I was sitting in my office this afternoon cleaning out a number of files off of my temporary thumb drive because it was full and I wanted to save some more important files. I can across a picture I had taken a month or so ago. It was of two of the most perfect persons in the whole world. Now don’t get me wrong here, I am not prejudiced just because these two little souls are my grandkids. I caught myself getting a little misty and my analytical side broke in. What is perfection?
One of the oldest definitions is the one from Aristotle:
Perfect is that

  1. which is complete — which contains all the requisite parts;
  2. which is so good that nothing of the kind could be better;
  3. which has attained its purpose.

The first of these definitions is a part of the second, but between the second and third there is a giant difference. Something or someone is perfect that could not be better and something that has attained the designed purpose.

I struggle with comparisons. And following Aristotle’s line of logic there is no comparison in perfection. It is not that one is better than the other. A grandson who would rather ride a little car is no less perfect than a granddaughter who prefers a tricycle. Blond long hair is no less perfect than short blond hair. A “I love you pop pop” filled with bravado is no less perfect than a little smile and two pointing fingers directed to the depths of my soul. Both of my grandkids are complete, nothing could be better and reaching their purpose.
What is perfect? Perfection is that which brings a teardrop to the eye.

It was the best.

I think I was nine and it was close to Christmas. Mom and Dad had a very unique way of keeping the suspense for the big day. In the days before Christmas there would never be anything under the tree. Probably my parents didn’t trust us not to peek at the corners of the packages, but anyway no presents until the big morning. I had already figured out there was no big fat man bringing things down the chimney; he always used the door. Well my bedroom that I shared with my two brothers and my sister had a vent that piped warmth from the fireplace in the front room. If held your head just right you could see right through to the living room and the festive green tree with my siblings home made decorations. I had faked my slumber and about mid night or so I watching through the grate and here came Dad pushing a brand new, bright red, fully loaded, and large tired HUFFY bicycle. It was my greatest hope and dream. I could not restrain myself. I ran out of the bedroom with screams of joy. But to my surprise at the door was MOM with a look that could kill. “BACK TO BED, LARRY”. But by then I had wakened my siblings and it was like a jail break.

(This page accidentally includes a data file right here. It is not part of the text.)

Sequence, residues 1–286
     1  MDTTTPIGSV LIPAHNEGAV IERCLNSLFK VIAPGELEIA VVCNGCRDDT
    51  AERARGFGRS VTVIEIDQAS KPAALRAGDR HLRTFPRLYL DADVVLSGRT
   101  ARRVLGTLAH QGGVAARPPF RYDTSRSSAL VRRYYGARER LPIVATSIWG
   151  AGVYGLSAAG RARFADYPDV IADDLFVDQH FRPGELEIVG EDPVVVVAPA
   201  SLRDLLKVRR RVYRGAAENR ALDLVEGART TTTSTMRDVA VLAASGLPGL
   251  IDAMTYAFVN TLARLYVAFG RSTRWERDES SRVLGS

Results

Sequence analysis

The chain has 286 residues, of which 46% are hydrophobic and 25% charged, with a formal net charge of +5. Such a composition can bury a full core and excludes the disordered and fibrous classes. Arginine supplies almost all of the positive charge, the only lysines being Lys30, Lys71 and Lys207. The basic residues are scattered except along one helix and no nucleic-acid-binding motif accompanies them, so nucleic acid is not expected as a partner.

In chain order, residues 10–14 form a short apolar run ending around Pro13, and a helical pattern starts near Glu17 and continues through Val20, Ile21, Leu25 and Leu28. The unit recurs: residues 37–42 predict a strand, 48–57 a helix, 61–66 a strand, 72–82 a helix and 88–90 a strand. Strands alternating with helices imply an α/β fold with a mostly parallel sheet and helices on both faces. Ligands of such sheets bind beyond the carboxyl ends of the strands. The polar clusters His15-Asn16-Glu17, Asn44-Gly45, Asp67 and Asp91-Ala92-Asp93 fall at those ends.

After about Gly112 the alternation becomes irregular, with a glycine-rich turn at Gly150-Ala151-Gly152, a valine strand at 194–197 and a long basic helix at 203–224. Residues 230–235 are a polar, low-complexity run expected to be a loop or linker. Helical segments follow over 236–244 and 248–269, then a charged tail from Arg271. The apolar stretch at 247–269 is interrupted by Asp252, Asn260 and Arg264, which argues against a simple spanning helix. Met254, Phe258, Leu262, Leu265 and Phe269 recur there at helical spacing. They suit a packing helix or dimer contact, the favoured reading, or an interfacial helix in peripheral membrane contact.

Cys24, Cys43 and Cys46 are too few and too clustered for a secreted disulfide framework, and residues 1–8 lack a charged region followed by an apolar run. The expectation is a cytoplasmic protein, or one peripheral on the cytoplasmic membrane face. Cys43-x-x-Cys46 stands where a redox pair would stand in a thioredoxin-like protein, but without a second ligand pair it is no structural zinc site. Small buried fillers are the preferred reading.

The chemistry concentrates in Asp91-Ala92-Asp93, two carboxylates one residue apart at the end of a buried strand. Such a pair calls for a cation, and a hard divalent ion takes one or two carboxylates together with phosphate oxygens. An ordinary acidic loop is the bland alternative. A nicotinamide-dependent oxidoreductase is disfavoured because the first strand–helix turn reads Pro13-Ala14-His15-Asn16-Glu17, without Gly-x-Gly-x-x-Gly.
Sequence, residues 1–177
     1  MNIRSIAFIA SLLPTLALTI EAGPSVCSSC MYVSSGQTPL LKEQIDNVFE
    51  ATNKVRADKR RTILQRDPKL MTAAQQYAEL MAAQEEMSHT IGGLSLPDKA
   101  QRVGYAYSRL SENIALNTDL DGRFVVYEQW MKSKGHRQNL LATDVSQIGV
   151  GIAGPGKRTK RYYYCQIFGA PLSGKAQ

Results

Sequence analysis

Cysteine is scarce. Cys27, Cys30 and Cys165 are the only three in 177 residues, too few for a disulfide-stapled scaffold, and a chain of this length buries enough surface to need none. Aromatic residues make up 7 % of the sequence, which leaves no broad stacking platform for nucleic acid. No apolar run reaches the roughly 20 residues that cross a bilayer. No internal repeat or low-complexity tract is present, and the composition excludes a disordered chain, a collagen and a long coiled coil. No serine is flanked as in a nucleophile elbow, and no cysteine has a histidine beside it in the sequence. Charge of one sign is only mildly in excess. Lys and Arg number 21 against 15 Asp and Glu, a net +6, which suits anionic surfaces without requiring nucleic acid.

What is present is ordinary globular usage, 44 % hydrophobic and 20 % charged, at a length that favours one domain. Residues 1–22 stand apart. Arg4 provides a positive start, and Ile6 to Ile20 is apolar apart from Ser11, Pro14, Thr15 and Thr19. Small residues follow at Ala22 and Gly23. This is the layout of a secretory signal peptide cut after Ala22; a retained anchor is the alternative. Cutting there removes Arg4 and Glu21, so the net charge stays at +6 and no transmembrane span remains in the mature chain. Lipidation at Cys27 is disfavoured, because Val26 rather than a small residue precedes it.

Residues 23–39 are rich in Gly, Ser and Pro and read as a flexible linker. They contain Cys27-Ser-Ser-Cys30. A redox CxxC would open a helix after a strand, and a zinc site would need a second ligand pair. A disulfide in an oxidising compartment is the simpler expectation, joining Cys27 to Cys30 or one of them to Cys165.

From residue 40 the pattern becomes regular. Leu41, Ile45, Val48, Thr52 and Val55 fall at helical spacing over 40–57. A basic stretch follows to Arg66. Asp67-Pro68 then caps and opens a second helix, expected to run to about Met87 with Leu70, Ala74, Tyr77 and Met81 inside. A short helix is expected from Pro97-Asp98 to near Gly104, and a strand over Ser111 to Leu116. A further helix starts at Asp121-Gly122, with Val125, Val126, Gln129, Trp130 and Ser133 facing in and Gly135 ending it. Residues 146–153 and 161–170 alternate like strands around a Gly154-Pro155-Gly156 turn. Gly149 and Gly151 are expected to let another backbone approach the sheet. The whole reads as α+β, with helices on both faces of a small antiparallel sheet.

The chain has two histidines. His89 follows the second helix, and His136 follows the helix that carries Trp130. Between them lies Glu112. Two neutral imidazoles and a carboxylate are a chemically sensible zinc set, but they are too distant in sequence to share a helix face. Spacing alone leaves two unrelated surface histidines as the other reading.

Well I got my bike. I rode it everywhere. I rode it until the tires had to be replaced. I rode it until the seat became threadbare. It was the best.

Looking before I leap.

The summer of 57 was hot even for Monterey.  Mother would send us out about mid-morning to “get the stink blown off” as mother would say. We were to occupy ourselves until either we got hungry or in trouble. These were the day’s before IPad, and video games so off we went.  Out to another grand adventure.
My big brother went over to his friend’s house, my little sister was only 4 and not much fun to play with unless I could torture her.  So I had to find something to do. I was bored and it was hot. So after much thought, I had a grand idea. I will build my own swimming pool.
Off to the garage to find a shovel. The front yard was just to conspicuous.  And Mom would not like me digging a hole in her begonia beds.  So around back, out of sight of my mother, I went out back and started to dig a big hole.  Well it was big to me. At the age of seven it must have been twenty feet deep, but in reality it could not have been more than a foot or so.
The next step would be to fill it full of water.  I pulled the hose around from the front and hooked it up.  And started to fill my grandly architected and executed swimming pool.  The water that came out was cool and felt good as it splashed up on my bare feet.  Soon it was full.  I turned off the water and came back to my swimming pool.
I didn’t want to get my pants wet (that was a real no no to Mom) so I pulled off my jeans.  I took a number of steps back and started to run toward the inviting pool of water. With each giant running step was filled with anticipation of a cool immersion in that now very muddy puddle.
With wild abandon I leapt toward the self-made invention. With all the energy of that a 7 year old boy could have and with visions of diving boards and no lifeguards I jumped feet first into that opaque pool of mud and water.